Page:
Aspen Institute Latinos and Society Program Inspires the Launch of Latino Engagement and Achievement Fund (LEAF)

April 25, 2017

Permanent endowment will support Latino civic engagement in the DC Metro region

Contact: Marie Samaniego
The Aspen Institute
(202) 736-2299 |

Washington, DC, April 25, 2017 – The Aspen Institute Latinos and Society Program’s work on increasing Latino civic participation inspired the launch of the Latino Engagement and Achievement Fund (LEAF), a new endowment to support DC Metro Hispanic civic organizations. The new initiative, housed at the Community Foundation for Northern Virginia, was launched on Thursday, April 13, 2017. The Latinos and Society Program published a report titled “Unlocking Latino Civic Potential: 2016 and Beyond” which was the result of a convening it organized of diverse civic engagement leaders that identified key challenges and recommendations for boosting the low rates of Latino civic participation.

Paty Funegra, co-founder of LEAF and a Ricardo Salinas Foundation Scholar at the Aspen Institute’s Socrates Program in 2016, attended the report launch which inspired her and co-founder Diana Katz to create the new initiative. The Ricardo Salinas Foundation Scholarship aims to increase the participation of Latinos in the Aspen Institute’s public events, policy roundtables, leadership seminars and other convenings. To date, 166 scholarships have been granted. The Latinos and Society program believes that by bringing together Latino voices around the country’s most pressing issues, we can help develop more knowledgeable leaders, cultivate a more educated and informed citizenry, and promote the engagement of all people in securing a prosperous and inclusive future for America.

“After attending the Socrates Program as a Ricardo Salinas Scholar and after seeing the clarity with which the Report “Unlocking Latino Civic Potential: 2016 and Beyond” communicated key recommendations that seek to advance Latino civic engagement, I felt the urge to take action, to raise awareness and to inspire local philanthropist to invest in ensuring that our voices are heard, that Latinos are more civically engaged to more effectively represent their thriving Latino communities drawing attention as contributors, innovators, and leaders” said Paty Funegra.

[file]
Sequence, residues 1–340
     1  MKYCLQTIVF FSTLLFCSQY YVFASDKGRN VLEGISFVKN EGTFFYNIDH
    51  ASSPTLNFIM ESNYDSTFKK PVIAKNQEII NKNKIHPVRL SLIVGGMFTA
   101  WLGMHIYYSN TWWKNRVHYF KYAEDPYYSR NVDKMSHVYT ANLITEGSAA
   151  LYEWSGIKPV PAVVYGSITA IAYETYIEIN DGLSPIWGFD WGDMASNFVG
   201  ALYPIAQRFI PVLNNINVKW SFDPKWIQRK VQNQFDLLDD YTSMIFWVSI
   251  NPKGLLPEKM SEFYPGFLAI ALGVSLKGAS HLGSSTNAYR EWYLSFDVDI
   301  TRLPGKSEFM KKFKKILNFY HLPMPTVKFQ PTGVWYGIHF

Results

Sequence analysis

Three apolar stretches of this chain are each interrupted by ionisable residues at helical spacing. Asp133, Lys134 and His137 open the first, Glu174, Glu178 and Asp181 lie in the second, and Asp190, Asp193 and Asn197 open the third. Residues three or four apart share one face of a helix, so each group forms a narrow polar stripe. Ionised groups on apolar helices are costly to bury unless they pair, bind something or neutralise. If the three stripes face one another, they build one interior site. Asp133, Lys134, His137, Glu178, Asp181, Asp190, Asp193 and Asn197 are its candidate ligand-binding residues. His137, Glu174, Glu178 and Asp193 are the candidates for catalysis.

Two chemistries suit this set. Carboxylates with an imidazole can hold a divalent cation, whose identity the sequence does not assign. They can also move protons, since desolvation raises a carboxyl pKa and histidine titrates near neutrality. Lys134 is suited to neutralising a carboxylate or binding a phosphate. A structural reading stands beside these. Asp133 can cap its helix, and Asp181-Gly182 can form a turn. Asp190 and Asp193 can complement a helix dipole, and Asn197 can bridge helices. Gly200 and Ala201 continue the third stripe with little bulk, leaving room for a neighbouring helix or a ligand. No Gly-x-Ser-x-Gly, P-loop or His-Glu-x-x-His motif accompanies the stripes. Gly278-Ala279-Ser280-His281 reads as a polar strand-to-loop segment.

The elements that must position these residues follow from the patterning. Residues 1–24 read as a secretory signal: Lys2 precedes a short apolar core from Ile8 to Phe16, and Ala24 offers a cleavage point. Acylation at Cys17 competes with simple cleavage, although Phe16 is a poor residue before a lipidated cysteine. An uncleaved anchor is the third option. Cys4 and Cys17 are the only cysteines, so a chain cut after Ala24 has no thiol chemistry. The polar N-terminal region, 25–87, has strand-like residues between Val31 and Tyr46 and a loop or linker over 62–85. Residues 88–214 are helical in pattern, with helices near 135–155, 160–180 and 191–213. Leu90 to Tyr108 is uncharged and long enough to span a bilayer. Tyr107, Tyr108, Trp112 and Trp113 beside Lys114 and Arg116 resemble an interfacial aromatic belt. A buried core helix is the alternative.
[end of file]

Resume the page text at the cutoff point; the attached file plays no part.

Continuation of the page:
Following the report launch, Paty and LEAF co-founder Diana Katz, decided to make a statement and set an example for the community. They approached the Community Foundation with a vision to create a source of strategic, permanent funding to strengthen and encourage the Latino community for generations to come. The fund will be guided by four key recommendations in the Aspen Institute report: leadership development, civic education, voter engagement, and immigrant integration and naturalization. LEAF was officially launched announcing a gift of $100,000, and on the day of the event an anonymous donor pledged an additional $50,000 in matching funds.

“I am so honored how the work we embarked upon with other civic leaders culminating in a report with a roadmap for Latino civic participation, has inspired others in our community and I hope that the work of the Latinos and Society Program and the Ricardo Salinas Scholarships will continue to influence how the media, policymakers, or decision-makers understand and engage with American Latinos.” Said Abigail Golden-Vazquez, Executive Director of the Aspen Institute Latinos and Society Program

About Aspen Latinos and Society Program
The Aspen Institute founded the Latinos and Society Program in order to bring Latinos and non-Latinos together to learn about their shared future and jointly explore solutions to the challenges of our times, particularly in the areas of civic participation, economic advancement and educational opportunity. It connects Latino leaders to Aspen Institute programs and networks, fostering collaborations that contribute to a more informed and inclusive vision of America. To learn more, follow @AspenLatinos, or visit

View Comments